To reduce the chances for error when using grid references verbally, for instance over the telephone, it is useful to adopt the convention of speaking the first two figures as a single unit, and the figures following the oblique stroke as though they were separate integers: e.g, the reference quoted above would be read as "fifty-one; four, eight, seven, seven." .

The new two-and-a-half-inch (1/25,000) and all larger scale sheets are to be square in shape. The two-and-a-half-inch sheets are 10 km. square and the new 25-inch (1/2,500) sheets are 1 km. square, and each sheet is known by the Full Two and Four-Figure map reference respectively of its S.W. corner. Each new six-inch sheet, having sides 5 km. long, will cover a quarter of a two-and-a half-inch sheet and each new 50-inch (1/1,250) plan, having sides 500 m. long, will cover a quarter of a 25-inch plan. Each new 6-inch map and 1/1,250 plan will therefore be known by the map reference of its parent two-and-a-half-inch and 25-inch. sheet respectively with the appropriate suffix N.E., N.W., S.B. or S.W. We thus establish from its co-ordinates that" P " lies in :-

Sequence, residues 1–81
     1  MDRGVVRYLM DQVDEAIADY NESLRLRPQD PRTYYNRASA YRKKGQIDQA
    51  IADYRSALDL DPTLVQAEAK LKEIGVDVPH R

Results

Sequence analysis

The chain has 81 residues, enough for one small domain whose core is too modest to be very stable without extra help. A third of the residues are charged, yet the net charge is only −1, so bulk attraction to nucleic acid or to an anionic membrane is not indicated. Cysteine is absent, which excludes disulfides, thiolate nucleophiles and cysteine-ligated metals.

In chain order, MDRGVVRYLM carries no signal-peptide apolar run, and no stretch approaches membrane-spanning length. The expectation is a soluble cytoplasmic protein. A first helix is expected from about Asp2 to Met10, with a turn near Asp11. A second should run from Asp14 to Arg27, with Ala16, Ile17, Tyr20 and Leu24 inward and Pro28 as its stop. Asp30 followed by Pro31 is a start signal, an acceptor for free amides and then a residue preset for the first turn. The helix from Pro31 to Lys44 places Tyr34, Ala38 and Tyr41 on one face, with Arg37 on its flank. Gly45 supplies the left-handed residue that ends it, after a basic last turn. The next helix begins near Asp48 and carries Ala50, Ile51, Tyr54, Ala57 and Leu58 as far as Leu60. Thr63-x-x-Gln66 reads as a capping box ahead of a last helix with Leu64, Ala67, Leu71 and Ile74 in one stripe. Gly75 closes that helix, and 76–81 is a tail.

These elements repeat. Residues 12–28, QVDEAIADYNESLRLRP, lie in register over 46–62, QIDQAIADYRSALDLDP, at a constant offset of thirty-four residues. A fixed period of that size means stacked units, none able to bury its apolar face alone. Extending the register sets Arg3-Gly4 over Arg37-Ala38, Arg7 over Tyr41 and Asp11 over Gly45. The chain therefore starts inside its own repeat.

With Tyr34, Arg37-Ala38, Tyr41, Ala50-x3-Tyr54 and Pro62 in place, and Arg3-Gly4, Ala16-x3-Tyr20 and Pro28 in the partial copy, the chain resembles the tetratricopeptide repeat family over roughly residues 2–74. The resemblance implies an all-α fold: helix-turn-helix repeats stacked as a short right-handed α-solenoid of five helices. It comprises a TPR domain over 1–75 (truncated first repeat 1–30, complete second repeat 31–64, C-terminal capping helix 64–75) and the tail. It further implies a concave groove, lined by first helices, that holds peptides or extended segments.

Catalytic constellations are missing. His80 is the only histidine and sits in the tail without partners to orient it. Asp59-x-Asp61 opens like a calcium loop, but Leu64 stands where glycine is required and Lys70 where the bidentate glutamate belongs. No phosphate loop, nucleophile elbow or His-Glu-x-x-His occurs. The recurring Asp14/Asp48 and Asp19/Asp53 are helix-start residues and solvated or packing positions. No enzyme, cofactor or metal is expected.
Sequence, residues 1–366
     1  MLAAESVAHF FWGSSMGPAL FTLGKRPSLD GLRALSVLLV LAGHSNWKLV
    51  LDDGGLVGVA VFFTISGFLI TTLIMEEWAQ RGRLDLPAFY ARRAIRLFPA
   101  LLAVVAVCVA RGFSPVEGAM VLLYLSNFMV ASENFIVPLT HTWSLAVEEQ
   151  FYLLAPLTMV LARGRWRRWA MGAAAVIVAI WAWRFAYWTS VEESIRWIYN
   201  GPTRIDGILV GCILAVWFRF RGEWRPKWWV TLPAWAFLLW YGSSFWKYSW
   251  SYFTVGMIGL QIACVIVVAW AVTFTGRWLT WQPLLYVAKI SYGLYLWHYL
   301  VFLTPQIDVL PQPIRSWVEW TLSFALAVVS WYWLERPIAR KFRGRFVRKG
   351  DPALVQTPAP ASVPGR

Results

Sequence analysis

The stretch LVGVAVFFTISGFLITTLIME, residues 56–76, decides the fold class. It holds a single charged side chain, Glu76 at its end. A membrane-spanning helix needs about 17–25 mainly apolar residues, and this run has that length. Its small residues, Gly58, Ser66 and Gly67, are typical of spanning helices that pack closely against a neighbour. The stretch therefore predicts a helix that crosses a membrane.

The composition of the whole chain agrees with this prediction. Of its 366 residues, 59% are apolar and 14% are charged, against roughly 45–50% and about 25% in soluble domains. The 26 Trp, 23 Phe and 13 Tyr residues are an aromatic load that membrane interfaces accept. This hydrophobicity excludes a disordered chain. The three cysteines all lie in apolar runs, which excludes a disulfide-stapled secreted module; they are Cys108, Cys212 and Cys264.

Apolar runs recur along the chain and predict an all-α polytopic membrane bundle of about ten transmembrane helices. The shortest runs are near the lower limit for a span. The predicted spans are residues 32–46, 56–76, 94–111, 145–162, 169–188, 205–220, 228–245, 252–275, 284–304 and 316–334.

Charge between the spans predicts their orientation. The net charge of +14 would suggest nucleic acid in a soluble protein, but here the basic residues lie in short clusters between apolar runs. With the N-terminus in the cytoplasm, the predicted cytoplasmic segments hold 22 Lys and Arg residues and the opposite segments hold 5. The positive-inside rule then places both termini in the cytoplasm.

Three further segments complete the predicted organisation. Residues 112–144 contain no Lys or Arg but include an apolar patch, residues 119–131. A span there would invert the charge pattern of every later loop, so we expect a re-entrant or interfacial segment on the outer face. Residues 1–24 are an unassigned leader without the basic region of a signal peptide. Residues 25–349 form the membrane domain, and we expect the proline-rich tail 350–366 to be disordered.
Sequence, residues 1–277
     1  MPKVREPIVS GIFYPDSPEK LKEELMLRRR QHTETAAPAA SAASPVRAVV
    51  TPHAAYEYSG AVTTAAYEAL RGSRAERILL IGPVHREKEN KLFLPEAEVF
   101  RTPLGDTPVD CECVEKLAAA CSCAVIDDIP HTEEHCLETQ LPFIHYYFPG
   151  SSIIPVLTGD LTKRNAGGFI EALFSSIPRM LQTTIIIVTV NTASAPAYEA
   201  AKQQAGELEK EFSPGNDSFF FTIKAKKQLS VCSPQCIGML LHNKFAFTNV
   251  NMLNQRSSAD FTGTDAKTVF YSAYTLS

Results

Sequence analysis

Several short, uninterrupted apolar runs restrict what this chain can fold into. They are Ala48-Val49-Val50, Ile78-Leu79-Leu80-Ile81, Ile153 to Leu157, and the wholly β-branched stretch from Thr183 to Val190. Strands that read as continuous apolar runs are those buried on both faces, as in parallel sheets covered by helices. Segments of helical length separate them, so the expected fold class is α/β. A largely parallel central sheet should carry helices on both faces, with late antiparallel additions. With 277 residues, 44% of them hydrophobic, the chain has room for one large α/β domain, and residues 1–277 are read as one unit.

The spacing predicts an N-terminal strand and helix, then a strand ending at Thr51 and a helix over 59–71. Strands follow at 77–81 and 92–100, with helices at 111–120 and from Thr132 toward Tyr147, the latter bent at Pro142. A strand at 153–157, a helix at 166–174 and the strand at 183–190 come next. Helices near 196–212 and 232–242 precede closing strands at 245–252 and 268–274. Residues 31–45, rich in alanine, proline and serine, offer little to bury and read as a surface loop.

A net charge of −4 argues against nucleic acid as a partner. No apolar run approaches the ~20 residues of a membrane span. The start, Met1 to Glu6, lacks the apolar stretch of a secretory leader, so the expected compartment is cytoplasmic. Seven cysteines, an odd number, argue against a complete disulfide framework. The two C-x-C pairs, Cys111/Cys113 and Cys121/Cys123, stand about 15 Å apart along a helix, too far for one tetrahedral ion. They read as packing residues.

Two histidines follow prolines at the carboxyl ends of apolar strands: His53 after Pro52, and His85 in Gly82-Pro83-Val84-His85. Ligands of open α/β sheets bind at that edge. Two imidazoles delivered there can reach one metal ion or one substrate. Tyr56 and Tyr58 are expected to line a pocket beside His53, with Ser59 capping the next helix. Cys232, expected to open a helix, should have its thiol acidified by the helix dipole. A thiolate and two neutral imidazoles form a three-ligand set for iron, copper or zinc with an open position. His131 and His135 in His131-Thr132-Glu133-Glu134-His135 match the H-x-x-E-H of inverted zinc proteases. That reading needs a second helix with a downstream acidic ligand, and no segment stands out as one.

2½-inch (1/25,000) sheet 51/47.

6-inch (1/10,560)" 51/47 N.E.

25-inch (1/2,500)" 51/4877.

50-inch (1/1,250)" 51/4877 S.E.

It has been said that the one-inch map is an index to all larger scale sheets. This is because it is gridded at 1 km. intervals, i.e. at the sheet lines of all twenty-five-inch plans, and because each ten kilometre grid line, the sheet line for two-and-a-half-inch maps, is emphasised. Also be it noted that the 1/625,000 maps gridded at 10 km. intervals make excellent comprehensive index diagrams for the two-and-a-half-inch series. *

(*In order to eliminate in coastal areas a number of sheets covering a small portion of land only, some sheets have been extended beyond the normal 10 Km. square. These sheets are designated by the Full Ten-Kilometre Reference of the parent sheet.)